Uranium In Water
Uranium is a common naturally occurring radioactive element found as part of rocks, soil, air and water. It enters surface water or groudwater by leaching from soil and rocks, or from industry sources such as tailings dams in the mining industry. Uranium can have a severe effect on human health, being toxic to kidneys and potentially causing an increased risk of cancer over a long period of time.
For this reason, the World Health Organisation’s guideline for drinking water is a maximum uranium concentration of 0.030 mg/L. After the uranium has been removed the waste can be difficult to deal with, often requiring radioactive materials handling permits and requiring careful disposal.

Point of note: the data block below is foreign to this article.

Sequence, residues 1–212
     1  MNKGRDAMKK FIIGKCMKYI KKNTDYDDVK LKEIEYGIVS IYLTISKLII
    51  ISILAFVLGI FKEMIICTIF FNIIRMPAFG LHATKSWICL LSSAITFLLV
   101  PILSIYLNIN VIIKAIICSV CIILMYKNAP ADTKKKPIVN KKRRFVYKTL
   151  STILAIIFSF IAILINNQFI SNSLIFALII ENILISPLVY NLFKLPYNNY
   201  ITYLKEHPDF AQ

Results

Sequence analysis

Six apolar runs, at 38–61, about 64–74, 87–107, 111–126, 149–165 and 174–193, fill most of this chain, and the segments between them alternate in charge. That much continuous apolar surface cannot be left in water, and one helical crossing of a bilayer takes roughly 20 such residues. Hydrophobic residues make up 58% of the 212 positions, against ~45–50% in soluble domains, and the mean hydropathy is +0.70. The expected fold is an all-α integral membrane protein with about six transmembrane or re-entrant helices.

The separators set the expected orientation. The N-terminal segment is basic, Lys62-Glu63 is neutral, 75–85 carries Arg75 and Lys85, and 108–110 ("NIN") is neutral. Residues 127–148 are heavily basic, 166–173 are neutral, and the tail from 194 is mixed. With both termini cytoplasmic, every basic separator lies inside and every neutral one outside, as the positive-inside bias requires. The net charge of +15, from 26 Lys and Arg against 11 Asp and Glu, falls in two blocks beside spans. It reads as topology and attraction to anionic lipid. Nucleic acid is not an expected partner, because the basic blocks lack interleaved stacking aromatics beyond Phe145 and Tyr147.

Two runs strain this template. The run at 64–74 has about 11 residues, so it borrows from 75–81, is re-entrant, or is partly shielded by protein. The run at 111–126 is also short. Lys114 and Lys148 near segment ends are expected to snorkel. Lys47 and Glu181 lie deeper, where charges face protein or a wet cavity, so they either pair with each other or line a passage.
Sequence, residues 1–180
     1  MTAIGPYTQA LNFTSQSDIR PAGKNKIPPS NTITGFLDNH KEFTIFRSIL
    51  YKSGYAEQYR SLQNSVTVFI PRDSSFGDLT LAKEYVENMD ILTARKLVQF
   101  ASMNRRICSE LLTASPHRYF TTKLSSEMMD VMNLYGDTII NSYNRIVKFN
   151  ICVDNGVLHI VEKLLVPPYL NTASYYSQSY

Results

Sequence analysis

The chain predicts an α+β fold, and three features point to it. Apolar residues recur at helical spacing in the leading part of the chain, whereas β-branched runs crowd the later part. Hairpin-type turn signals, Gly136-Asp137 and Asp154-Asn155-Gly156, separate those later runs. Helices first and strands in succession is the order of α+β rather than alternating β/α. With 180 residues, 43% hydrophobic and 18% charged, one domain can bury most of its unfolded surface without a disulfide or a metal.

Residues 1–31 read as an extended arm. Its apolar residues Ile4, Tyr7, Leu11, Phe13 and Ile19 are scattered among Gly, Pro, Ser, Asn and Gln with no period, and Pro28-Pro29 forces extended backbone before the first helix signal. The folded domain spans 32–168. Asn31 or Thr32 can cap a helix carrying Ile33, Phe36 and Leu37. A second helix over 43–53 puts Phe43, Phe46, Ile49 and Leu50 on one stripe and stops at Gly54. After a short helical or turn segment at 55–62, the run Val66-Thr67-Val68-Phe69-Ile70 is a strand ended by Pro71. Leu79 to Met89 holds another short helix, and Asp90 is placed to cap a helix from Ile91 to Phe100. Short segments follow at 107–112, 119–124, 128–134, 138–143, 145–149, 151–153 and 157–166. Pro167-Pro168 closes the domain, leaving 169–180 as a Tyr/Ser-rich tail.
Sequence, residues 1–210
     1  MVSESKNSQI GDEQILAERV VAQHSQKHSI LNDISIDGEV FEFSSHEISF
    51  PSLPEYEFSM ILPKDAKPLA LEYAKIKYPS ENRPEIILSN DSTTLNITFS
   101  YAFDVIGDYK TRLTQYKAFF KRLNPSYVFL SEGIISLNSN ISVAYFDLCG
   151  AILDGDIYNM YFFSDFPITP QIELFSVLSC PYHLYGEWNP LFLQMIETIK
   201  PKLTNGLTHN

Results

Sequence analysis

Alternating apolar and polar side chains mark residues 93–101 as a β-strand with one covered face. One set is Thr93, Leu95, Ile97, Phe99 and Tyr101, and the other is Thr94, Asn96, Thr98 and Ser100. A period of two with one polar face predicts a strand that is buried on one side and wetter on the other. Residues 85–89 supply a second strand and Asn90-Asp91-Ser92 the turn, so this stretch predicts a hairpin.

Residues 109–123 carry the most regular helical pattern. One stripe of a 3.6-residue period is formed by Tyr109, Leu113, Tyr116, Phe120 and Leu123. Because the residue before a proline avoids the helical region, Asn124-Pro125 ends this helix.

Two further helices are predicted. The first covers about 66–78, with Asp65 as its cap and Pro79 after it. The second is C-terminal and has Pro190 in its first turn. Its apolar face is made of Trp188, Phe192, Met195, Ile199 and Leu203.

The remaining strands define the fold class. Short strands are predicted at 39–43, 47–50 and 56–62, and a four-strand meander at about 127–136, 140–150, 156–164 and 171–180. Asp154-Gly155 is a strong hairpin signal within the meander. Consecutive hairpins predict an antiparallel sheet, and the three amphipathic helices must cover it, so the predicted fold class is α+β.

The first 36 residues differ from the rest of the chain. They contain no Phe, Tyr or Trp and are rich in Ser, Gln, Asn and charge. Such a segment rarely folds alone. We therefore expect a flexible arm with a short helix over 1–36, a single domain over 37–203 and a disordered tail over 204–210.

Uranium Removal Technologies
Our CIF® (continuous ionic filtration) technology can be used to reduce or remove uranium, using a strong base anion exchange resin to target uranium ions. The process uses physical filtration alongside ion exchange, which has the added benefit of removing other impurities in the feed water, and delivering higher removal efficiencies than conventional batch ion exchange systems. It is a robust system that usually doesn’t require pre-treatment, and has a reduced capital and operational expenditure through the more effect use of chemicals.
Clean TeQ Water also has a long history providing batch ion exchange plants to remove uranium from drinking water, with some plants still operating over 8 years since commissioning.